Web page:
The always interesting Edward Tenner has some thoughts at The American on "Could Computers Get Too Smart?" He writes in response to James Barrat's Our Final Invention, which I reviewed recently, and the gist of Tenner's piece is that there are some reasons you shouldn't worry too much about the dangers posed by out-of-control AI. He makes the intriguing observation that the vulnerability of computers to hacking is a point against the grim scenarios Barrat and others have outlined. Now, one could take a darker view there, saying that hackers getting into advanced AI is the sort of thing we ought to worry about; but it's important to recognize that the news isn't all bad.
UPDATE: For more on the future of technology, see these responses to a recent paper by economist Robert Gordon, in which bloggers take Gordon to task for underestimating what automation is going to achieve in the next few decades. I find not particularly compelling Matthew Yglesias's deployment of exponential growth, as illustrated by the old Persian chessboard story, to argue for massive imminent advances. That chessboard was an abstraction on which you could put an incredible amount of wheat on a square. In the real world, even if you can keep doubling your wheat production as you pile it on one chess square after another, your towering pile of wheat will fall over. You'll also run out of chess squares. The real world has limits, and the interesting, unknown question in computing is what they are.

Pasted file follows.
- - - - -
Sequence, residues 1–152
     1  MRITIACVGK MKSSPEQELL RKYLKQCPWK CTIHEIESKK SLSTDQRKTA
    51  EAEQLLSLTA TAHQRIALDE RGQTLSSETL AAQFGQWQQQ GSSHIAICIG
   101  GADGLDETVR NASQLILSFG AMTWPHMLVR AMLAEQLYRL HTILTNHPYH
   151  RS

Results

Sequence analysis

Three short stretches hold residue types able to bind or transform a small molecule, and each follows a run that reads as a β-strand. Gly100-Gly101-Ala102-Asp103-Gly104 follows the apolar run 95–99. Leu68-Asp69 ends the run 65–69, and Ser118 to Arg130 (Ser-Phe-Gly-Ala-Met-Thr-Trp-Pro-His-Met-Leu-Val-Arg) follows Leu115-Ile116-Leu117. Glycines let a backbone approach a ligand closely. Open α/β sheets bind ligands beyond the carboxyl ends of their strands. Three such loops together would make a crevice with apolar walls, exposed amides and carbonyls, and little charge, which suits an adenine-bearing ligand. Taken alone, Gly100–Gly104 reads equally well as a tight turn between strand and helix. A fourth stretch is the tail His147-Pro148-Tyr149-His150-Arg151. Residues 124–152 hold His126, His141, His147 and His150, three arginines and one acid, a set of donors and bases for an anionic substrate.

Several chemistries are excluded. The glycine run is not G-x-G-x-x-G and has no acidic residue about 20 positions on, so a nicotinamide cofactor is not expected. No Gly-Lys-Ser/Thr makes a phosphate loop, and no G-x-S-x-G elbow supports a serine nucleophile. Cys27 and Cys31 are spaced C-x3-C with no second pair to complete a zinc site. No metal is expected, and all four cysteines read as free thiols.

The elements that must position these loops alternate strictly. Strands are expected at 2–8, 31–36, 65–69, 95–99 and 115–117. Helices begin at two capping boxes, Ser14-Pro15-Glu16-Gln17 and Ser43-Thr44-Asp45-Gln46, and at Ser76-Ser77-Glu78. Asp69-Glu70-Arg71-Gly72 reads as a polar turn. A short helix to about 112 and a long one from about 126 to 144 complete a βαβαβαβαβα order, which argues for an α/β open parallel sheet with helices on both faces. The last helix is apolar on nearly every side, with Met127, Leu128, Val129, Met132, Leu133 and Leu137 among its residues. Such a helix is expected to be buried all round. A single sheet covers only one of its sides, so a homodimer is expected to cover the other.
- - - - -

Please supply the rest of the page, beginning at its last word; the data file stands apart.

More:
UPDATE 2: "How the rise of smart machines will affect the US economy and jobs: A Q&A with Erik Brynjolfsson and Andrew McAfee." I long assumed technology would always produce more jobs than it eliminated, which is one of many longtime ideological assumptions I've come to doubt in the last years. However, if as they suggest is plausible, technology drives the workforce toward more flexible and part-time work arrangements, my technophilia might get back on the upswing.